People For Puget Sound Executive Director, Kathy Fletcher joins 40 over 40!

Date October 10, 2010

Kathy FletcherThe news and images of the American oil spill in the Gulf of Mexico have shocked and saddened us all.  It’s hard to imagine our own picturesque Seattle shoreline and wildlife ever experiencing a disaster of this proportion.  As we consider the many people who have dedicated themselves to keeping the Northwest beautiful (and an extraordinary place to live), Kathy Fletcher and the team at People For Puget Sound come to mind. They have been protecting and restoring the health of our land and water for almost 20 years.  Kathy graciously agreed to sit down with us and is our newest inductee into the “40 over 40” – a group of people that we admire and who inspire us.

Kathy Fletcher is the Founder and Executive Director of People For Puget Sound, a citizens’ organization formed in 1991 to protect and restore Puget Sound and the Northwest Straits.  She also sits on the Northwest Straits Commission and the Puget Sound Partnership’s Ecosystem Coordination Board.

Kathy previously chaired the Puget Sound Water Quality Authority, a state agency formed in 1985 to develop a comprehensive plan to clean up and protect the Sound and Straits.  During the Carter Administration, she served on the White House Domestic Policy Staff, where she handled environmental and natural resource issues.  She has taught environmental policy and nonprofit management at the University of Washington.  She has also worked for the Environmental Defense Fund and several other environmental organizations. Her career includes five years heading environmental, energy conservation and other programs at Seattle City Light.

Kathy has served on many nonprofit organization boards, including the national Sierra Club and the National Environmental Trust, and is currently a member of the boards of Restore America’s Estuaries and the Washington Foundation for the Environment.  Kathy majored in biology at Harvard University and is a native of Seattle, where she resides with her husband, environmental attorney Ken Weiner. They have a grown son, Josh.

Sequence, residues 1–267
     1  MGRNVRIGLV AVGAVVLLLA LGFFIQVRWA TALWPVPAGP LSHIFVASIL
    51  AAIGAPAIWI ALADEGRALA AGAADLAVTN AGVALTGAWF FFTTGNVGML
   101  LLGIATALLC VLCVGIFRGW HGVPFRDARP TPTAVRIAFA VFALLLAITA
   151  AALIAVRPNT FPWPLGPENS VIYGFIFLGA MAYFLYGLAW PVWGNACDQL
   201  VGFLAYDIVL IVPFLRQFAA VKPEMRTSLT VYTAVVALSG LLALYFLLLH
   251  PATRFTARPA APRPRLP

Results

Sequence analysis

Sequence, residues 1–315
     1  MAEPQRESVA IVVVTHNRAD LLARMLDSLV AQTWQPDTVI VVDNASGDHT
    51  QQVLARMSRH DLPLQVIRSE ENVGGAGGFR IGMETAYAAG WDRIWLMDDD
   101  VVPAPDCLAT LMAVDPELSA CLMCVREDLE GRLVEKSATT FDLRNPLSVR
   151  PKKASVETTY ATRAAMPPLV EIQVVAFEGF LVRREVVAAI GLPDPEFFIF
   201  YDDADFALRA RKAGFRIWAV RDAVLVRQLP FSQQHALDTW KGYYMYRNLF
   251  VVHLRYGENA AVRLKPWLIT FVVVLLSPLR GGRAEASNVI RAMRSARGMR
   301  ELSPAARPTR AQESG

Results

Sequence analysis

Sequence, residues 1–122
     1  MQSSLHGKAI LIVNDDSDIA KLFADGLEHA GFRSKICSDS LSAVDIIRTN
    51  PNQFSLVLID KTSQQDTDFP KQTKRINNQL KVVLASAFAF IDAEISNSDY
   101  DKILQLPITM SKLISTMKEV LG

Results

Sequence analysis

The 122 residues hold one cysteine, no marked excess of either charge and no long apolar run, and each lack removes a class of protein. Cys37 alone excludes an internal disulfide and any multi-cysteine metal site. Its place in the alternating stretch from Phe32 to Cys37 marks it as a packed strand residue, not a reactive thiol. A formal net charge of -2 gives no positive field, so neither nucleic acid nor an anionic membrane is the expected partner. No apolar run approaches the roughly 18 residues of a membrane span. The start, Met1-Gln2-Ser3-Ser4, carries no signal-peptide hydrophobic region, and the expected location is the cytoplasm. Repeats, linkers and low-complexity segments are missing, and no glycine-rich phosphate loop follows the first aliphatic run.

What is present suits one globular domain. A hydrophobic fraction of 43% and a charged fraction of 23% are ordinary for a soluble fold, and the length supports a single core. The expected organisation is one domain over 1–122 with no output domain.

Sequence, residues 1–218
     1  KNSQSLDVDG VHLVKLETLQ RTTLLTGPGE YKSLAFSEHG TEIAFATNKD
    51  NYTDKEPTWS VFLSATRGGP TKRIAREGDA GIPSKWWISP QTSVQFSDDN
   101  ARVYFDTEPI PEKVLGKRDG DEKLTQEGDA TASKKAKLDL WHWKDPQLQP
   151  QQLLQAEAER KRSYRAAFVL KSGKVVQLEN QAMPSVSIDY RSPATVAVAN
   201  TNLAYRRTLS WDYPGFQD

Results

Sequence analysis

How did you earn your first dollar?
Probably babysitting.  I was a lifeguard at Laurelhurst and taught swimming to kids all through high school and college.

What do you appreciate about being over 40?
I think when you turn 40, people start taking you seriously.

What or who inspired you to get where you are today?
My mom has always been a big inspiration to me.  She has always been a pioneer – a lot of firsts – she is a lawyer, the first woman to join her law firm, the first woman partner, first woman President of the Bar, and she is a 9th circuit federal judge at 87 years old.  She travels a lot too.

What advice do you have for the under 40 crowd?
My advice would be to stick with something long enough to really make a difference.

What do you still have to achieve?
I have been working for many years to protect the health of Puget Sound and that is still a goal I have to achieve.  We’ve done a lot and there is still a lot to achieve.  My goal is to leave People For Puget Sound in a healthy condition to carry on the fight for as long as it takes.  The law and the goal is to have a healthy Puget Sound by 2020.  This won’t happen without People For Puget Sound pushing.  It’s a good goal and adds some pressure.  I thought we would be further along by now.  It’s challenging to move the political system and inspire enough people to do the right thing for the health of Puget Sound.